Words and images by Andre Roman and Ashton Elder
Visitors still travel to Jacksonville Beach today, but it’s a much easier — and briefer — trek. The once-dirt Beach Boulevard is now paved and the trip from downtown takes only about a half hour by car, but the charm of this beachside village remains.
Locals, too, enjoy the setting.
“I like to come for walks or go surfing,” said Jacksonville Beach surfer Carolina Conte. “It’s about feeling some peace. It’s a place where I can find peace, surf and be by the water … the waves are just about perfect for my skill level so I like to just get out there and have fun and enjoy nature.”
Much of the draw today revolves around the ocean, the same thing that drew bather here in the 1800s, even though the surrounding area is much more settled.
Back then, it was wild and dune-filled. In fact, it wasn’t until the late 1800s that developers realized a potential for a resort at the beach and began selling lots here for $50 to $100.
The beaches area exploded after that, even going through a stage as an amusement park beginning in 1905. At that time it was referred to as Pablo Beach and described as the Coney Island of the South. It fit the iconic beachfront image with boardwalks, seaside shops, resort hotels and rides, including a gilded Ferris wheel.
In the 1960s the beach was incorporated into the city of Jacksonville and although it no longer resembled Coney Island, it still attracted over 9 million visitors annually. And today, some 21,000 people live within the village’s boundaries.
But with over four miles of white sandy beaches, Jacksonville Beach has remained quaint, much of its activities centered on locals.
In fact, nobody knows Jacksonville Beach quite like a local, so it is best to grab one to be your guide as you tour the area. Or, just ask a local for visiting suggestions. Most are happy to accommodate you.
Just “r-e-l-a-x,” suggests local Larry Stoner. “As long as you’re in Jax Beach, you’re doing all right.”
As visitors enter the town epicenter they can immediately detect the smell of salt in the open air and the cool, distinctive ocean breeze. The backdrops of the beach blankets small shops and restaurants.
The buildings reflect the beachside architecture with their vibrant colors and white wrap-around verandas A large amphitheater, the Seawalk Pavilion, distinguishes downtown Jacksonville Beach and is the location of many of the city’s annual events as well as monthly concerts, art walks and movie screenings.
Want to find a place to eat or drink? Just ask.
“If you’re looking for that perfect cup of coffee, a local music show or the next hot spot, a local has the answer and can hook you up!” Stoner says.
Even holidays here have a local flavor.
Each Thanksgiving people convene at Pete’s Bar’s annual block party to have a bloody Mary or a beer. Locals who spill over into the streets with visitors, get a chance to catch up with neighbors.
Every Christmas morning Santa Claus can be seen parasailing over the beach shoreline. On the Fourth of July the beach hosts a grand fireworks display.
The beach also has live music events and is particularly known for the Springing the Blues Festival and the Community First’s Seawalk Music Festival.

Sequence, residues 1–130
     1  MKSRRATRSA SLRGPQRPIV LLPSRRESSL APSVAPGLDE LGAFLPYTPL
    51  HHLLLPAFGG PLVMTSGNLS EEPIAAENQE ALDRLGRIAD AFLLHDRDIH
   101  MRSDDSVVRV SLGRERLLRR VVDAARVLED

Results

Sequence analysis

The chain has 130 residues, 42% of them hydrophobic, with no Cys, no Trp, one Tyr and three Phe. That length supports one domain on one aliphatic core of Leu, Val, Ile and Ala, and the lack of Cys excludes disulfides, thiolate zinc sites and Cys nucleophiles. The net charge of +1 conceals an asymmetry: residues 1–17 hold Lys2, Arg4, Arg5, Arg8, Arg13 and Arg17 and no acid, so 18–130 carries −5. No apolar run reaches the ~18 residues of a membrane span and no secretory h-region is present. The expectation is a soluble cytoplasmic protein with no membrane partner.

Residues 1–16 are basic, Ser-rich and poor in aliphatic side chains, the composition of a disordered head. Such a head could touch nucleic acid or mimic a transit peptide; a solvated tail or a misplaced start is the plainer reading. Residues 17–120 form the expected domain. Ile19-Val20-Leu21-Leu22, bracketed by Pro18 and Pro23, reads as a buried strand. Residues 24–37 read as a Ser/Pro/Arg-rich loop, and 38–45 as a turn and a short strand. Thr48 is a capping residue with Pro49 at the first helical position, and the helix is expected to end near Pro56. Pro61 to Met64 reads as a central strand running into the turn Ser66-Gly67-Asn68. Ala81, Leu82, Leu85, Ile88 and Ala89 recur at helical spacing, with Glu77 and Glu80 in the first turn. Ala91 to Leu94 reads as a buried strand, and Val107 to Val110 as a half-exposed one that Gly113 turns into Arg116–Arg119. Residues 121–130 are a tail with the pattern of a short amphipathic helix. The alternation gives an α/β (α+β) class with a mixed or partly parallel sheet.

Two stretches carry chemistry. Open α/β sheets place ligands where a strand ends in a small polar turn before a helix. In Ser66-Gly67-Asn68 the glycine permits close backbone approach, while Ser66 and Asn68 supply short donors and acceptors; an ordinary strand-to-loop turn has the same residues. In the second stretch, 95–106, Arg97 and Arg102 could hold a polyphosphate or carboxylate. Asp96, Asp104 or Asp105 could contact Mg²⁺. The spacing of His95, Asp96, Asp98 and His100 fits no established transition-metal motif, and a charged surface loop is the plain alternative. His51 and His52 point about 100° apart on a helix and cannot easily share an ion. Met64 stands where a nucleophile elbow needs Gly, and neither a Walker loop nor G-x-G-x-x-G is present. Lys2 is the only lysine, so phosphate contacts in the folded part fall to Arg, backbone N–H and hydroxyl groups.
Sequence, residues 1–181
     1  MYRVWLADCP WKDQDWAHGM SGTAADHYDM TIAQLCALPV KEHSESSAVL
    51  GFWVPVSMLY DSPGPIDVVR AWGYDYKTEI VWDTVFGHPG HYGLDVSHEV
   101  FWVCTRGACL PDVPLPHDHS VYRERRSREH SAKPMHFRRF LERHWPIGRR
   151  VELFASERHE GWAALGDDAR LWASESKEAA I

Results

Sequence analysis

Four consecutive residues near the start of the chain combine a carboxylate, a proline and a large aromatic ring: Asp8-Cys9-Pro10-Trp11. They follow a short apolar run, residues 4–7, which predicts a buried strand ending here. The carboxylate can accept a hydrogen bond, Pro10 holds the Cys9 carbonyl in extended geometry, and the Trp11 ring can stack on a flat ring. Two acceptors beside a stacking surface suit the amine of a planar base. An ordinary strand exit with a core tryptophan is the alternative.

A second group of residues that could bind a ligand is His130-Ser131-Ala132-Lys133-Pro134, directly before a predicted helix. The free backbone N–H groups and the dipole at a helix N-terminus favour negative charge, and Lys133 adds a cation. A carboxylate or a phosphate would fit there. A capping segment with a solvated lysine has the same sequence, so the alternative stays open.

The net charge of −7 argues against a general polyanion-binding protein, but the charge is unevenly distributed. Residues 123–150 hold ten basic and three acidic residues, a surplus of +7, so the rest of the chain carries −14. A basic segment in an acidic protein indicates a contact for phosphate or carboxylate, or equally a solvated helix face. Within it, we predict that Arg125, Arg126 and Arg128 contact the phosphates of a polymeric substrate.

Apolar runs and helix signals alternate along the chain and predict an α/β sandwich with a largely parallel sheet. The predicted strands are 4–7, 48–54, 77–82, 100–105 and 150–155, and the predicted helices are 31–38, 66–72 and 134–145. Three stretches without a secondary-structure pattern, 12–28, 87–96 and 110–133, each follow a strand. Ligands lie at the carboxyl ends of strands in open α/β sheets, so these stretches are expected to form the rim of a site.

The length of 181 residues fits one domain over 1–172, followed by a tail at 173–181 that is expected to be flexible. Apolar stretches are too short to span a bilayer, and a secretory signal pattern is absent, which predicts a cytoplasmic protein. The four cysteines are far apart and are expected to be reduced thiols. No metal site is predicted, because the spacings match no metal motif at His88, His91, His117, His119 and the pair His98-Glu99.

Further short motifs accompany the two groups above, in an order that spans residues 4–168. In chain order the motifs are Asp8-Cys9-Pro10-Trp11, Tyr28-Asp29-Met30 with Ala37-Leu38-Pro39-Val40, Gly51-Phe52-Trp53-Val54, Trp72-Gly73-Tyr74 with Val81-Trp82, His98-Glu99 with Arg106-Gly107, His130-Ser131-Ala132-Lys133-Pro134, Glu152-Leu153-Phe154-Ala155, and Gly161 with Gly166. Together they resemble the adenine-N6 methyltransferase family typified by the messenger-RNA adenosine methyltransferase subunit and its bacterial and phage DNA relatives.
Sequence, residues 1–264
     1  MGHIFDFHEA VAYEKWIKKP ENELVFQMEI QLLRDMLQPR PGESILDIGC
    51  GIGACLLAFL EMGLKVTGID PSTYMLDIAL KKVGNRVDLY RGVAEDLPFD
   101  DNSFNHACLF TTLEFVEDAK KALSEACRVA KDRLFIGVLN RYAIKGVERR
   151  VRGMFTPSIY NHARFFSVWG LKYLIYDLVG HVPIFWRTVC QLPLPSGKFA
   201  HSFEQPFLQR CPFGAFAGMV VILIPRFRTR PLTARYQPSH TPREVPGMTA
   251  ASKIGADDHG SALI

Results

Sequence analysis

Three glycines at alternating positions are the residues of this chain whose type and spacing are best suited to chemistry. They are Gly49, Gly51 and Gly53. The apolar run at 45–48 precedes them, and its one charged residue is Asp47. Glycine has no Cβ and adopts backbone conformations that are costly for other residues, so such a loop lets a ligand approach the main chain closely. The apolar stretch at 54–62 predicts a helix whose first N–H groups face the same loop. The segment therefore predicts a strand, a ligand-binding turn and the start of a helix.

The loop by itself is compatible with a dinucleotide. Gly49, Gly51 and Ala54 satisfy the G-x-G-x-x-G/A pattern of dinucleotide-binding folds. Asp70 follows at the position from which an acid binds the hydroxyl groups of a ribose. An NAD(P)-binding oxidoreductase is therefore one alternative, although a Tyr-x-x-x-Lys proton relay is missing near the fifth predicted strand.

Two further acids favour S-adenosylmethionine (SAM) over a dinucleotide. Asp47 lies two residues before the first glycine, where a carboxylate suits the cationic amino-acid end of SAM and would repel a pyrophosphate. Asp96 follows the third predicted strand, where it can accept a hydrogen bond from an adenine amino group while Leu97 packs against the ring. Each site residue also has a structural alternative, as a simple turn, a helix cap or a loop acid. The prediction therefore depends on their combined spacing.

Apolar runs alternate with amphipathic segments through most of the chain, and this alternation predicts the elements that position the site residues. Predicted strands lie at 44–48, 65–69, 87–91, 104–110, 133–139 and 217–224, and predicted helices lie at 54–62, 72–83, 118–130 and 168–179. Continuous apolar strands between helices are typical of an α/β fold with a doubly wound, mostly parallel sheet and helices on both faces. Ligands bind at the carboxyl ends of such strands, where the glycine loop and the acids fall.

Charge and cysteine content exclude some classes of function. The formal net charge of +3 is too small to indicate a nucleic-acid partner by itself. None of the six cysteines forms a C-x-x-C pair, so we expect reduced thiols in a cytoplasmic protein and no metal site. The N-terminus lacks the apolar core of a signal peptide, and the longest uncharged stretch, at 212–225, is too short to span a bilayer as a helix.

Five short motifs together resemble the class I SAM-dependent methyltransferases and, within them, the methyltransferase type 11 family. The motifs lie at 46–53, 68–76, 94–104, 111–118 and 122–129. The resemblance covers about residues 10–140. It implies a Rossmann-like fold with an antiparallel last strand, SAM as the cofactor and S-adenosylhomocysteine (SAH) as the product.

In October the beach and main street return to the times of Pablo Beach during the city’s annual Oktoberfest. The city brings back the Ferris wheel and a festival centers on craft beers from area breweries and local cuisine served via food trucks.
“There is always something going on at the beach year round,” said Jacksonville Beach native Patricia Humes.” Out on the pavilion they show movies and have concerts every month. I love the fireworks on the Fourth of July, the sandcastle contest in May and Deck the Chairs at Christmas.”
Beyond the Seawalk Pavilion on the beach, swimmers and surfers congregate, taking in the rushing large waves. Couples are beach cruising on the sand and parasailers usually color the skyline.
The regularity of waves in Jacksonville Beach makes it the perfect spot for surfing contests throughout the year. In fact, surfing is one of the most popular sports here and it is typical to see many locals walking to and from the beach surfboard in hand.
A family beach, it is filled with sunbathers and sandcastles as well as the gleeful laugh of youngsters playing in the sun and sand. It is also pet friendly, although dogs must remain on leashes.
There is a vivacious scene at night and the town’s main street is brightly illuminated after dark by the light spilling out from bar doors. The nighttime center of the city is a mini Bourbon Street, with the bars attracting a wide arrange of locals and visitors who gather there to have a few cocktails, listen to live music and hop from bar to bar.
“I would definitely say it’s a lively scene,” says Kalie Rogers, a bartender at popular Jacksonville Beach bar, Hoptinger. “There are always going to be people out on Thursdays, Fridays and Saturdays.
“Every place has different specials. We [Hoptinger] have live music. Lynch’s has live music, and then you have [bars like] Tavern and the Ritz that have DJs.”
So, whether it’s day or night, Jacksonville Beach has its own uniquely charming atmosphere.
Stoner, who used to live in Miami, says he much prefers this — his new home.
“Miami may have beautiful beaches, but by the time you find a spot and drop $15 bucks for parking, you’re a little less giddy about the sun and the sand,” Stoner says. In Jacksonville Beach, “there is always a reason to get a group of friends together.”